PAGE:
TWIS SEO News & Updates 27 October 2017

What are the latest SEO News & Updates for w/e 27th October 2017?

I love this week’s SEO News & Updates.

They are full of useful and interesting information from SEO and Digital Marketing:

#SEO #SEONews #GooglePanda #GoogleSearch #GoogleMyBusiness #MobileFirst #MobilePayments


Google Says Pruning Content Doesn’t Work For Panda

Key Issues Summary:

  • At last, Google has come right out and said that the (wrong) SEO tactic of pruning content for Panda doesn’t work.
  • This is as I have long advised clients (and discussed heatedly with fellow SEOs).
  • Instead, Gary Illyes essentially reiterated what he said in 2015 that improving the quality of the content and adding higher quality content is the answer.

Google Panda Pruning Content Doesn't Work

Key Actions To Take:

  1. Stop pruning content. That includes low-quality content, low-traffic content and low-converting content.
  2. Instead, improve the quality of existing content by making it more relevant to the user’s query and more aligned with its competitive keyword set.
  3. Make it more relevant with more text (or often less), better quality headings, better quality media signposting, better and better quality linking, internal and external.
  4. Make it more aligned to the competitive set by analysing the type and quality of content which Google already views as hyper-relevant by looking at search results for the keywords.
  5. Become a topic expert by dealing with subjects in the right depth and then structuring your content and your website so that you are viewed as an authority.
  6. Click here to contact me to discuss ways to seriously improve your content and avoid or get out of the Panda filter.

Insights & Discussion:

The Great Google Panda emerged from its lair in 2011 to decimate websites which were stuffed full of low-quality content. Initially it effectively worked as a site-wide filter before developing into acting more on a page level (but still with site-wide effects).

Since then some SEOs have advocated pruning low quality content with very big shears, or machetes and 301 redirecting, 404ing or even 410ing that rubbish content as a means to escape the Panda’s jaws. That was wrong then, and it is wrong now.

Google uses trust and quality metrics in its evaluation of pages. These metrics can be hard to shift once set and removing pages does not change things much. Google’s Panda algorithm in in the trust and quality area of its set of tools.

It should also be noted that Google algorithms, despite what some SEOs claim, operate on a forgiving scale. You have to be really quite aggressively following a particular strategy to get entrapped by one. But, like many traps, once you are in there, it can be tricky to get out of.

Think about it: Google wants to show content to users. If you have gone far enough in your gaming of the algorithm that you have triggered the Panda algorithm filter, why would Google instantly re-adjust its metrics if you simply remove or redirect low-quality content. All that shows is you are continuing to game the algorithm.

So, build good quality content. Make it relevant, be an expert and gain authority. That way you have a lot less to worry about than a big hairy Panda chasing you.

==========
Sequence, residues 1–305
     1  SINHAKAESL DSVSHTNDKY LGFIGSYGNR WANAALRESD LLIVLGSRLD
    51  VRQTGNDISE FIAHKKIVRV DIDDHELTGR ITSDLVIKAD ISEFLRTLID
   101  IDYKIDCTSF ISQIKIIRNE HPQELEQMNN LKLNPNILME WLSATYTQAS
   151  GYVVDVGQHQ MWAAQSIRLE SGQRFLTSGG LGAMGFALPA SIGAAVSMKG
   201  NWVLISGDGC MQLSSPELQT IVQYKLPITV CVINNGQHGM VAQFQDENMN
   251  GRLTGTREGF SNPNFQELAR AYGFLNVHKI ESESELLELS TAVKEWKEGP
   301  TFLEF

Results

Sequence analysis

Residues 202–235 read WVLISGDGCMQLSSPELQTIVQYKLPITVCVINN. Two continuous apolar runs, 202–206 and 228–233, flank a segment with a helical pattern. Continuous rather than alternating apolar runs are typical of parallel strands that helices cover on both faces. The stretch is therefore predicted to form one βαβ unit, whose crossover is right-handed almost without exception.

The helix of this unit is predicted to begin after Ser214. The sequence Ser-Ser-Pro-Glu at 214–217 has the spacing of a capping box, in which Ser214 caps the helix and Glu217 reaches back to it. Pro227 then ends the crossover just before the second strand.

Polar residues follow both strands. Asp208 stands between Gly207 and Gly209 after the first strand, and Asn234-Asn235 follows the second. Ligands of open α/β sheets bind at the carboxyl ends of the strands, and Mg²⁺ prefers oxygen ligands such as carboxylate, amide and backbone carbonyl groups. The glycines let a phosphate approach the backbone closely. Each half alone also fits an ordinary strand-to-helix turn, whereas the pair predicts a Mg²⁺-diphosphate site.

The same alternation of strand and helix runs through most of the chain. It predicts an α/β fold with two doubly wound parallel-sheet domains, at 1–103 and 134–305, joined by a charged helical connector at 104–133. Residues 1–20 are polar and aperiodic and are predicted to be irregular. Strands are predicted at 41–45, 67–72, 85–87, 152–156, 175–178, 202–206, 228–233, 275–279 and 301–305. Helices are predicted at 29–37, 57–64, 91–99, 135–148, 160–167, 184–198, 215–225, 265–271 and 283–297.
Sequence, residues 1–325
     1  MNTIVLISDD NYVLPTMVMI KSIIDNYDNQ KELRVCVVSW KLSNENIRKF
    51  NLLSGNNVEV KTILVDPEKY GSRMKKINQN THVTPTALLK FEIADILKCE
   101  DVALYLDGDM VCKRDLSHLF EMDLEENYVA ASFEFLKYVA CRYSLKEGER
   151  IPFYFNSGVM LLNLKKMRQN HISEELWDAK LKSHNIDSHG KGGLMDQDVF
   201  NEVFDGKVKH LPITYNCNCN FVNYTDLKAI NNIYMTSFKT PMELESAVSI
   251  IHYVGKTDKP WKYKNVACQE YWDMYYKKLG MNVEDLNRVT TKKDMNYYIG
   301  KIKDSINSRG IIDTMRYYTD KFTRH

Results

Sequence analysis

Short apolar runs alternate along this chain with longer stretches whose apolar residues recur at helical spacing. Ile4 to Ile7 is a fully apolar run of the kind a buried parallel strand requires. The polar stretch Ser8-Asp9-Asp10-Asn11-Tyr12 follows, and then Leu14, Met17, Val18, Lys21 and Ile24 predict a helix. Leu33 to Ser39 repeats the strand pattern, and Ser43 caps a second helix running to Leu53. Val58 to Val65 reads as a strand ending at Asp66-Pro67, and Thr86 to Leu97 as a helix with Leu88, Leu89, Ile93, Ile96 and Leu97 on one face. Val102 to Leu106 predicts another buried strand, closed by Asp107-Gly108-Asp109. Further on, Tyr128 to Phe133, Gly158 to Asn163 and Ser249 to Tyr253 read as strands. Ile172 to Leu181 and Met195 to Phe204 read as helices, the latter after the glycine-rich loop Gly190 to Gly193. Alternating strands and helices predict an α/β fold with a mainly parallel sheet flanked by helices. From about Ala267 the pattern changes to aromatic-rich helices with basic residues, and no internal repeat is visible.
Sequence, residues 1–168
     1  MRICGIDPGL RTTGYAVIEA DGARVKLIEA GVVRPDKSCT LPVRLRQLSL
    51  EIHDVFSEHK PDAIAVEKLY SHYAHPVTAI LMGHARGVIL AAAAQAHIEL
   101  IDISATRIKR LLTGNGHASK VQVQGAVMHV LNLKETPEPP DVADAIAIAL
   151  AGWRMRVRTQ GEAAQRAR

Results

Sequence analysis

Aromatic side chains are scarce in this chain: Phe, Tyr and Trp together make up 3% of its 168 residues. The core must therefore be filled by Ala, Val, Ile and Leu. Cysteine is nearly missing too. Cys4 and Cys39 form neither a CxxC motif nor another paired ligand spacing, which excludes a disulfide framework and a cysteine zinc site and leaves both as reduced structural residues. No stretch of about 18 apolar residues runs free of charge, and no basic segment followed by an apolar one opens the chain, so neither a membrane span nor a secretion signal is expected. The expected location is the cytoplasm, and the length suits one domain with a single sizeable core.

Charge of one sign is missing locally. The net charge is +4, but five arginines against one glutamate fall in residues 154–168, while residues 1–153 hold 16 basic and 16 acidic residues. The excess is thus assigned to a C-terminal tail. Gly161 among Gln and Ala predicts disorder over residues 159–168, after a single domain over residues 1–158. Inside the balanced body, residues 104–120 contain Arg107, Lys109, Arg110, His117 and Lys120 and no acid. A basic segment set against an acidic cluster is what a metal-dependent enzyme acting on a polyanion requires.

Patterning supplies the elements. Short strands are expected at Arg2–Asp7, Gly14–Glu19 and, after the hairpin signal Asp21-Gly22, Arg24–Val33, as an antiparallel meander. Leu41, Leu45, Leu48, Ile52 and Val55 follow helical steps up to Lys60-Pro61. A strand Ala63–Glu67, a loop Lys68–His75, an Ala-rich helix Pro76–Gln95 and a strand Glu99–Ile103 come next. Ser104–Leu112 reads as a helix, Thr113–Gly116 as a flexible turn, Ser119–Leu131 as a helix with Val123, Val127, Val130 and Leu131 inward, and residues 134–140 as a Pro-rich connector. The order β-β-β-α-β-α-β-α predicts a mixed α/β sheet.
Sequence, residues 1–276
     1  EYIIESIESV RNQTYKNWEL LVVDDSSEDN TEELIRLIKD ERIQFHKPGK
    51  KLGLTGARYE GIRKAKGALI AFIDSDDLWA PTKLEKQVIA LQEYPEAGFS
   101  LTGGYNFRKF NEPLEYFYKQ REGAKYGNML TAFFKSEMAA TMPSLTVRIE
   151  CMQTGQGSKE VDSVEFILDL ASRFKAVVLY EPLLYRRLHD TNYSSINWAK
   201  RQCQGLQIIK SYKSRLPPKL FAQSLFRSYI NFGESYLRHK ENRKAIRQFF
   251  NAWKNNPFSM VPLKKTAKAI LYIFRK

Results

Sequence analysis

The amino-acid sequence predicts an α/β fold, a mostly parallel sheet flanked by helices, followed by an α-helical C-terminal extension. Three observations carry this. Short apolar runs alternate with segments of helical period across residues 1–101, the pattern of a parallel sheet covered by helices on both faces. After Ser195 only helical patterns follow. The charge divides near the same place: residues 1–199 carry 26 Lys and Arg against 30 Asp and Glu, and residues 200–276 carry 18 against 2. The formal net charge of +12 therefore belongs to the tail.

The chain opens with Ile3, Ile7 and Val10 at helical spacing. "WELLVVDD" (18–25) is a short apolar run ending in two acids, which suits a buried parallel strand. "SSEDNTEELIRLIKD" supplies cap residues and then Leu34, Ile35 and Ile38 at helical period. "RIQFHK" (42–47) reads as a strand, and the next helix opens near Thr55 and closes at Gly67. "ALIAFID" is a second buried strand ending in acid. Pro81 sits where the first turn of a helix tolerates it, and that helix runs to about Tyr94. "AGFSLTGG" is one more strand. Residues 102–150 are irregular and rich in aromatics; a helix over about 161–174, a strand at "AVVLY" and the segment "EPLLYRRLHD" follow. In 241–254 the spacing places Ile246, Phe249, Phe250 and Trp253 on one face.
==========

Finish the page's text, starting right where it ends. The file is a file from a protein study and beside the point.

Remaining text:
More Information:

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Google Makes International Searches Harder

Key Issues Summary:

  • Google has made an annoying “for your convenience” change to the way it delivers its search results.
  • Now, your location, not the Google ccTLD (country domain extension) determines the search results you see.
  • This means doing international, out-of-country searches just got harder.
  • Searching from Australia for UK search results now means you have to make a change in your search settings.
  • This is annoying.

Google International Search Harder

Key Actions To Take:

  1. If looking for UK results from Australia, just going to google.co.uk is no longer enough (it was starting to get very hazy anyway).
  2. You need to make an adjustment in your search settings to change the Region your results are served from.
  3. You should then be able to view UK results.
  4. Remember that different location searches may still be influenced by your current country and home country location. It’s unlikely to pull pure “different country” results unless you are actually located in that country.
  5. Make sure you check with your rankings tools of choice that they are pulling results from a pure “chosen location” set.
  6. Make sure your clients who work across international borders are aware of the difference if they check rankings manually.
  7. If doing searches across borders, you will need to be more locally exact to generate local results.
  8. Click here to contact me to discuss how best to do international SEO. It’s finicky and technical, but good fun.

Insights & Discussion:

Grrrrr. As an SEO this is annoying. There are plenty of times when I’d like to see rankings in a different country. Now it has just got harder. There is some user benefit to this, but not a great deal.

As a user, this is also annoying because there are plenty of times when I want to search for information from a different country. This will mean plenty of additional searches to find the magic combination which will deliver local results.